Although the United Food and Commercial Workers’ Union (UFCW) provides crucial resources and expertise, the OUR Walmart campaign is not aiming for unionisation. It remains an aspiration, but everybody involved accepts that, in the short term, it’s an unrealistic one. US labour law requires a formal workplace ballot for a union to be recognised, even if a majority of workers have joined. Walmart has proved extremely adept at winning such ballots, flying in expert union-busters to run intensive anti-union campaigns. So relentless is the company’s approach that Human Rights Watch states it ‘violates workers’ internationally recognised right to freedom of association’. Instead of being a union, therefore, OUR Walmart is an association. This avoids having to fight union ballots that, for the time being, it would certainly lose.
Being an association also allows workers to re-frame collective organisation in a country where there is a high level of antipathy and distrust towards unions. Members stress to their co-workers that it is run by and for Walmart workers and not outsiders or union hacks. This requires the campaign to be genuinely empowering and participatory.
When any organisation has full-time staff working on behalf of others, centralisation and bureaucratisation are a concern. But at the meetings I attended, I was reminded more of Climate Camp discussions than a typical union meeting. People were prompted to follow the ‘step up-step down’ principle, so that everybody had an equal chance to contribute. The facilitators (who were full-time organisers) would actively seek out the views of workers and encourage participation. When I spoke one-to-one with workers the first thing they would tell me was how empowered they felt and would express a clear sense of ownership of the association and the decisions it made.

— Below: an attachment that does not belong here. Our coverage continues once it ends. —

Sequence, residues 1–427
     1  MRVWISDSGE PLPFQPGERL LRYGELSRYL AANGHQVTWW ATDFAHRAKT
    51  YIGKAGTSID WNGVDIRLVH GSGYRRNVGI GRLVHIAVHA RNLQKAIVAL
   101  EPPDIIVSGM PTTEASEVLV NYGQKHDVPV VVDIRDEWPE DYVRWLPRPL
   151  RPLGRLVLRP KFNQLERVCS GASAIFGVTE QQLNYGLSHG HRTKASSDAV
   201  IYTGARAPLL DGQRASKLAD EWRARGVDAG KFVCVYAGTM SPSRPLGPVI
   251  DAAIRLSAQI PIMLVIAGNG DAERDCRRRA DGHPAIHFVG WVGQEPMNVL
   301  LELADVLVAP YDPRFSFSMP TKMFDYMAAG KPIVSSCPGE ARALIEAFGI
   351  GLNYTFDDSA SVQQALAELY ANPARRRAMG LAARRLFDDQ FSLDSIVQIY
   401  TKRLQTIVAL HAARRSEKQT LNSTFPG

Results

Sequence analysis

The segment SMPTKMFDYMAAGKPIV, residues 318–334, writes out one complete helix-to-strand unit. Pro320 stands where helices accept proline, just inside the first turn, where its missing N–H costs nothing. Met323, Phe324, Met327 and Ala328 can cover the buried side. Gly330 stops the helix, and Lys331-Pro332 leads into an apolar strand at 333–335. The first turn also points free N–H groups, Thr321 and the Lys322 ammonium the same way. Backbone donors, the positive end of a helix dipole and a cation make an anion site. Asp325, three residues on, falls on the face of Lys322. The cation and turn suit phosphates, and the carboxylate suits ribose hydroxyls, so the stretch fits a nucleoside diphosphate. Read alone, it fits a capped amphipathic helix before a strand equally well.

The strike as a symbol
The bypassing of in-store union elections isn’t the campaign’s only innovative tactic. Labour law has also been used to workers’ advantage in taking ‘unfair labour practice’ (ULP) strike action. Workers have the legal right to take strike action individually, without needing to be a member of a recognised union, if a ULP claim is submitted to the Labor Board. As Walmart is a serial ULP offender workers can strike at will without needing to form a union, have an election or hold a ballot and are protected by the Labor Board against retaliation or replacement.
OUR Walmart has also made extensive use of social media. Many workers told me about the significance of organising through Facebook as they took their first steps towards becoming active. OUR Walmart campaigner Brad explains: ‘You’re used to dealing with your individual store and then when you see it is nationwide and you’re talking to other people, it kinda blows your mind away.’
Workers can feel isolated in their own Walmart store, especially as the punitive conditions discourage the discussion of workplace grievances. Without the need for intermediaries, workers are able to connect with more than 22,500 other employees and supporters who are currently signed up to the OUR Walmart group on Facebook (www.facebook.com/OURWMT) and understand that the problems they face are far from isolated examples. New members can witness the huge support the campaign generates and its media impact. The association also employs a former Walmart worker to provide training and support via telecommunications and online tools to members located too remotely to be supported face-to-face. Video conferencing helps build a collective identity among workers dispersed across the country, as well as allowing people in all areas to participate in decision-making.
The combined use of ULP regulations and social media has allowed OUR Walmart to develop innovative strike tactics. Strikes usually aim to hit the company wallet but OUR Walmart doesn’t yet have the numbers to make a significant dent on profits. On Black Friday only a handful of workers at each store of 200-plus employees took action, so it was easy for the company to find cover for striking workers.